You can go sue him in a State court, can’t you?

Now, oh, now we bring a new Act there.

And this new Act says, We are going to have a little exception to the exception.

Right?

And we are supposed to interpret that one, I guess, as narrowly as possible.

So now, what we are — because that’s an exception to something which should be interpreted as broadly as possible which is an exception to something that should be interpreted as narrowly as possible.

So I think I get it like Costello used to, I don’t know what I’m talking about.

[Laughter]

There are a lot of words in these things.

And — and so given all these words and — this is where the Chief Justice started — I mean, can’t we at least look at legislative history to try to figure out what Congress was doing by the time we get to the exception to the exception to the exception?

Pratik A. Shah:

–No — no, Your Honor.

Pratik A. Shah:

This Court has made it quite clear you cannot look at the legislative history.

And the fact that if you find this confusing–

Stephen G. Breyer:

Yes.

Pratik A. Shah:

–Justice Breyer, if you find it’s not–

Stephen G. Breyer:

Well, then you win as long as I find it confusing.

[Laughter]

Pratik A. Shah:

–unequivocally clear, we win, and you don’t look to the legislative history for clarity.

That’s the point of what–

Stephen G. Breyer:

Well, I don’t find it all that confusing.

What it says is that this battery exception, which is in (h), is not supposed to apply when we look at the military doctors.

That’s what it says.

And you say, Ah, but it says for purposes of this section.

Okay.

I look at for purposes of this section and the purposes of this section, the very first whole sentence has to do with 1089.

It has to do with the scope, it has to do with the general waiver.

Pratik A. Shah:

–Well, the for purposes of this section language I think is the key phrase and this section refers to the Gonzalez Act.

What the Gonzalez Act primarily does, what sections (a) l through (c) are all about, are about conferring personal immunity.

Antonin Scalia:

I don’t think those are the key words.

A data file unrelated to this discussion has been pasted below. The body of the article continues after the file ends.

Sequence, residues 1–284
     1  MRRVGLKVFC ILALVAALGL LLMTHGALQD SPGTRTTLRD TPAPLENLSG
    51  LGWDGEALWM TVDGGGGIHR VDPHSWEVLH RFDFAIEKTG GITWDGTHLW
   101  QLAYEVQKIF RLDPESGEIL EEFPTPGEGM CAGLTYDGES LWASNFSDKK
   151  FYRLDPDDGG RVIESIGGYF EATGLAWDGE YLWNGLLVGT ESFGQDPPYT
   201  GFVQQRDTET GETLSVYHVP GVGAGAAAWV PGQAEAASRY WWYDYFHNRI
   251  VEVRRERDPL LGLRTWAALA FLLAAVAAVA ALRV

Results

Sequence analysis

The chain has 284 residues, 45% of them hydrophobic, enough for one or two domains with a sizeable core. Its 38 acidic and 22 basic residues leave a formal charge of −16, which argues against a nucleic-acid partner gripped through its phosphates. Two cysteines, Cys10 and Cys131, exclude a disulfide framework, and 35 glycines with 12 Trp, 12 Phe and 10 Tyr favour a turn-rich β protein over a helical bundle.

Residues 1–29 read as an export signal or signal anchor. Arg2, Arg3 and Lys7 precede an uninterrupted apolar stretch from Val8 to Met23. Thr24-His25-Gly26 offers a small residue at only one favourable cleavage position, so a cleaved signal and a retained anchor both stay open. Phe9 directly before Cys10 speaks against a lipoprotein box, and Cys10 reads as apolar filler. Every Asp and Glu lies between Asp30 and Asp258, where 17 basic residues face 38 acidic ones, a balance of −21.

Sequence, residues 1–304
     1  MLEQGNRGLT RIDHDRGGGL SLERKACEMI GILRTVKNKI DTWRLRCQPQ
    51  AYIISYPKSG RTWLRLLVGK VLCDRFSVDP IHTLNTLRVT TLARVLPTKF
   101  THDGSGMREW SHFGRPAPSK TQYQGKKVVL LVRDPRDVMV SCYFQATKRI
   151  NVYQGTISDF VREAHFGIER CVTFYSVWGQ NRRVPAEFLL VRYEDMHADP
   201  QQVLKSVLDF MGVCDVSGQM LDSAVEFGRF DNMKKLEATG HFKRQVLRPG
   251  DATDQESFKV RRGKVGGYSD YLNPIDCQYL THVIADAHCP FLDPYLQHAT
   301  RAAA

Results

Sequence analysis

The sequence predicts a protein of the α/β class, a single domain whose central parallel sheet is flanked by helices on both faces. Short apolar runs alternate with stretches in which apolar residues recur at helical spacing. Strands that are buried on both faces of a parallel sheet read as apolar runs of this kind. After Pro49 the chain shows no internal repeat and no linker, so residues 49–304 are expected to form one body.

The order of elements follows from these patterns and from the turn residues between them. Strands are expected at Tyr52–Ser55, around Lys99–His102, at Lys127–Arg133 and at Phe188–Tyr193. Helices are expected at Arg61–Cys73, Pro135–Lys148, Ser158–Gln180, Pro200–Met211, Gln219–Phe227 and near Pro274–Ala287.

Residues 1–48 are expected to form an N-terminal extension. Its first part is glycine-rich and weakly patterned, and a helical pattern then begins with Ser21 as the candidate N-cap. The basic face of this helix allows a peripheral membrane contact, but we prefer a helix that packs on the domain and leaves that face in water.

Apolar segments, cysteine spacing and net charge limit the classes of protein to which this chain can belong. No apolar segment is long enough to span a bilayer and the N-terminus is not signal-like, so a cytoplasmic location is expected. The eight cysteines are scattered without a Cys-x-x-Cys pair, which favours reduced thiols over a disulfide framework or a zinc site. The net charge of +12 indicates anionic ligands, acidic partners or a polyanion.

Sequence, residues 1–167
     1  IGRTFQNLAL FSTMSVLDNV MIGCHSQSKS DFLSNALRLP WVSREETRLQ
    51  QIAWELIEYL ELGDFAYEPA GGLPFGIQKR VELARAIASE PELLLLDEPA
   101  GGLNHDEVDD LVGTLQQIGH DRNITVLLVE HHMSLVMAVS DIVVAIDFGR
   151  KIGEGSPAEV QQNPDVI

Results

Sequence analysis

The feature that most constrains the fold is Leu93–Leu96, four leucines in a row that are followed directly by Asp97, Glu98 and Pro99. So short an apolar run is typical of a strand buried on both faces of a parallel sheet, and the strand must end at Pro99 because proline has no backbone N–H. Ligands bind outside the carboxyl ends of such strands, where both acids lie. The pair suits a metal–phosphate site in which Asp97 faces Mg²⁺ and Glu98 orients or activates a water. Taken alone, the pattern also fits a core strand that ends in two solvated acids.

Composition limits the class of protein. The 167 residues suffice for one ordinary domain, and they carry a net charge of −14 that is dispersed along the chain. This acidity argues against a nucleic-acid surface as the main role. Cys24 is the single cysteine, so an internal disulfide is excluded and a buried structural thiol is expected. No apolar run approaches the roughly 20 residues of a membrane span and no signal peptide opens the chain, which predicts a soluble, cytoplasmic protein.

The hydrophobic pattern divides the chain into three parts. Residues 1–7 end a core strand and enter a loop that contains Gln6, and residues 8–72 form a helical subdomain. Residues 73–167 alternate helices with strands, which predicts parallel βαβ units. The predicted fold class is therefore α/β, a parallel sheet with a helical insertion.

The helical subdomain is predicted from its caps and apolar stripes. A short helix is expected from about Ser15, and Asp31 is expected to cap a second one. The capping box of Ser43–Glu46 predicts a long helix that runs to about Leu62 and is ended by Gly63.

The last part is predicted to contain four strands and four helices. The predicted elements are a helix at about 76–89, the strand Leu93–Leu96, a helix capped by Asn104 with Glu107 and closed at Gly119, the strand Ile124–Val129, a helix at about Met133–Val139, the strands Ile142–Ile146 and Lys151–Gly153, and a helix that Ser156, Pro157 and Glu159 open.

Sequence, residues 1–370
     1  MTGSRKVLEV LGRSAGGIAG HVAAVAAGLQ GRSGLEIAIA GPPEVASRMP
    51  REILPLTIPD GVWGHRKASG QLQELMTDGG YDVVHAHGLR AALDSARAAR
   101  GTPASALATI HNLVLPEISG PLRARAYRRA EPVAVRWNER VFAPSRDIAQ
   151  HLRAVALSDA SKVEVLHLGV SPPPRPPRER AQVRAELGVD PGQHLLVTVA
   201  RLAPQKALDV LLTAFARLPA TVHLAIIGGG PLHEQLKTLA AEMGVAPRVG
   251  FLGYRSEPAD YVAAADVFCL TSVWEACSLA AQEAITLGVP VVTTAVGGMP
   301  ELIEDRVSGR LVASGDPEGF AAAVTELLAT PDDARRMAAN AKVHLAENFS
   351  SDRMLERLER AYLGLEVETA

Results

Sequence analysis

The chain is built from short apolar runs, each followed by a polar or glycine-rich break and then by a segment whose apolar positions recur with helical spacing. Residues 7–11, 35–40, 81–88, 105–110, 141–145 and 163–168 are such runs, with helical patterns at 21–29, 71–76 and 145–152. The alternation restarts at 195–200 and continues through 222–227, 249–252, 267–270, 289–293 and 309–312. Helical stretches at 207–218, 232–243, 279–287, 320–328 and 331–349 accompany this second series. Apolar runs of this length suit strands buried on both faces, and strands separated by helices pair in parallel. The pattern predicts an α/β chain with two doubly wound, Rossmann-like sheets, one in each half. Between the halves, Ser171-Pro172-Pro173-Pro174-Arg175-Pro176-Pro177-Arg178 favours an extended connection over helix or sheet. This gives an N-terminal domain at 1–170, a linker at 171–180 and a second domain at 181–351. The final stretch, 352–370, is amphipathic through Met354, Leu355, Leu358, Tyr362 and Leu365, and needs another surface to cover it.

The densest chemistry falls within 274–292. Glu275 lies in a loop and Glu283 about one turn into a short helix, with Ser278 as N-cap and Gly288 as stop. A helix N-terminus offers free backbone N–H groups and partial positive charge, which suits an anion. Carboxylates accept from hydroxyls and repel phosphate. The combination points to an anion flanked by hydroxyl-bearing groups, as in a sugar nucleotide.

I think the key words are shall not apply.

Shall not apply.

It isn’t shall be deemed inapplicable.

Pratik A. Shah:

Your Honor, I think when we are reading it–

Antonin Scalia:

It is not a hypothetical.

It says

“they shall not apply to any cause of action. “

etc.

Pratik A. Shah:

–I think when we are reading it against the canon, the sovereign immunity canon, I think we would expect Congress to speak more clearly.

And Congress gave us two examples of how it spoke more clearly in this very context.

One is in 1974, the sole — the only time it amended Section 2680(h), it amended it within the provision itself.

That is, it amended the language of 2680(h) to add a law enforcement proviso that said, This exception applies except with respect to law enforcement in certain circumstances.

Stephen G. Breyer:

Why?

Why would they have wanted to do that?

That is to say, Look, if you cut the exception to the exception to the exception, the presumption, da, da, da, out of it, what we’ve got on your interpretation is that a person who’s hurt by a battery committed by a government official, given your interpretation, has no remedy at all.

I mean, previously he could have at least sued in state court.

Now what you’re saying is Congress tried to do with this language is say, Hey, you can’t sue in state court, and by the way, when you try to sue the Federal Government, we are not going to give you your suit, either.

Why do that?

Pratik A. Shah:

Your Honor, I don’t think that’s true.

I think before — before the Gonzalez Act came along, there was a split in the circuit.

That’s why the Gonzalez Act came along.

There were circuits that did not allow a claim to proceed personally against the physician.

There were circuits that recognized absolute immunity against a personal suit even while it was undisputed that battery claim could not proceed against the government.